CHARLESTON, W.Va. -- On Monday, an Educational Broadcasting Authority committee voted to lift a hiring and purchasing freeze imposed on West Virginia Public Broadcasting by Education and the Arts Secretary Kay Goodwin.
However, the question is whether the Legislature took that authority away from Education and the Arts as part of a law it passed in 2011.
The primary purpose of the legislation (HB2695) is to provide an exception in the state Ethics law ban that prohibits state employees from soliciting and now allows Public Broadcasting personalities to take part in on-air fundraising campaigns.
However, the legislation also revised the 1989 law that created the seven executive branch departments to oversee all state agencies. That law specified that the EBA is under the Department of Education and the Arts.
The 2011 legislation adds a proviso to that section of the code, stating that Education and the Arts' relationship with EBA is "for purposes of administrative support and liaison with the office of the governor."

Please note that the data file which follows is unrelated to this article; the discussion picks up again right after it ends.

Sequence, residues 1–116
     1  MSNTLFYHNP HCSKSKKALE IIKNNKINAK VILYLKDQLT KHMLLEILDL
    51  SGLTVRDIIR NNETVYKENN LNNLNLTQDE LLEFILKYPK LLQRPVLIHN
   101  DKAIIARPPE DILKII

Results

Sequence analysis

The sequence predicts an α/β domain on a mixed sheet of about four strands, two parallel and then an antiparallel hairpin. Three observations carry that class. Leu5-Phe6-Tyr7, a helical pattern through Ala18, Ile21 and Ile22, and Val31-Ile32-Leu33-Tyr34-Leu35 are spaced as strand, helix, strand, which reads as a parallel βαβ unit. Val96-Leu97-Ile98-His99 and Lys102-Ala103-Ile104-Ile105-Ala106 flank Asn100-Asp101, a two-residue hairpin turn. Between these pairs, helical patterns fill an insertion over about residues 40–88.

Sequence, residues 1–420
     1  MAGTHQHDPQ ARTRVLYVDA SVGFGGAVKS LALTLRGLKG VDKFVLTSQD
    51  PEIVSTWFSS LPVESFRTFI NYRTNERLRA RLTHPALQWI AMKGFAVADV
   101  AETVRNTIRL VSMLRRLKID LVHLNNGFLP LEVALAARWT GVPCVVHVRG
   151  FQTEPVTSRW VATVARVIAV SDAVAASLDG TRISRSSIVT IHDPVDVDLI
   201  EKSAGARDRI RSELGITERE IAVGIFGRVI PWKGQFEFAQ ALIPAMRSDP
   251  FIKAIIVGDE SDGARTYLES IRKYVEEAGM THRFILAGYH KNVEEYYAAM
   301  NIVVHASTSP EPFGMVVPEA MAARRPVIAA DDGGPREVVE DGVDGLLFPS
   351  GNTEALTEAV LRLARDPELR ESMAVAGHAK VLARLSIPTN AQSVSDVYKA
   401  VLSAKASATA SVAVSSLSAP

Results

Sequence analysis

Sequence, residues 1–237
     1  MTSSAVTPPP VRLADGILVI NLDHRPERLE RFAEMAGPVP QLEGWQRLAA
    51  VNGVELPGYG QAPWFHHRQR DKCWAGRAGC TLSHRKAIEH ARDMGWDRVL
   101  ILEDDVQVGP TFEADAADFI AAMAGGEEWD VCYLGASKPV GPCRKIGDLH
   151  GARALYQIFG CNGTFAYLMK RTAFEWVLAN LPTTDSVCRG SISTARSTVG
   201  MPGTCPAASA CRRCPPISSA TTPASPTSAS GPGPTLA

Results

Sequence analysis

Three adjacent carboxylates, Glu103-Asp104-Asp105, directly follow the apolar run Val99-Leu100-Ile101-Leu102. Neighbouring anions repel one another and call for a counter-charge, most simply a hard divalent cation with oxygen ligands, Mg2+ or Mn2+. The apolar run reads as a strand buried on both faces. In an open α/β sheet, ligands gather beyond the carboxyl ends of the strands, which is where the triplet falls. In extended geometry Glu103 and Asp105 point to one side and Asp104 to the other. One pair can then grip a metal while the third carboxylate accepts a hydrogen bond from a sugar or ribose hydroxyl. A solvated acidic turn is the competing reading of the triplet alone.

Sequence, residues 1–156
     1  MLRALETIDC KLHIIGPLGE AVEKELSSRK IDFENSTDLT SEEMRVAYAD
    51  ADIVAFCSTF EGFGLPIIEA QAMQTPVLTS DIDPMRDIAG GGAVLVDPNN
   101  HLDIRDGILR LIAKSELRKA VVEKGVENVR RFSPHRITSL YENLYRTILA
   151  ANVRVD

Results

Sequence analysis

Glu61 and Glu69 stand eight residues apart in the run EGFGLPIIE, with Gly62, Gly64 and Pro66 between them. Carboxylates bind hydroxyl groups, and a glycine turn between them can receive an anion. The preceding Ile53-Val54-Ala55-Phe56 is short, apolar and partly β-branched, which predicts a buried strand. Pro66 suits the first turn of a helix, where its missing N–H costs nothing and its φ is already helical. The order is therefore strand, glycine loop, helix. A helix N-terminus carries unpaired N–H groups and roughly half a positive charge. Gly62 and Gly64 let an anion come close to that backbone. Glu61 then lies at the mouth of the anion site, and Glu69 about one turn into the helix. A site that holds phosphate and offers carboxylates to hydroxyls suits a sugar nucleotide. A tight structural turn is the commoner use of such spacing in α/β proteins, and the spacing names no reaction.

Educational Public Broadcasting Executive Director Dennis Adkins said he believes that legislation moved Education and the Arts from having direct authority over EBA to acting in an advisory capacity.
At times on Monday, Adkins bristled as Deputy Secretary Martha McKee went through an item-by-item review of a list of purchase orders and personnel postings that had been frozen, pending Monday's committee meeting.
On Tuesday, House Government Organization Chairman Jim Morgan, D-Cabell, said he had asked committee counsel to verify the Legislature's intent in changing that provision.
"It's a question of who's going to make these decisions," he said of the 2011 law.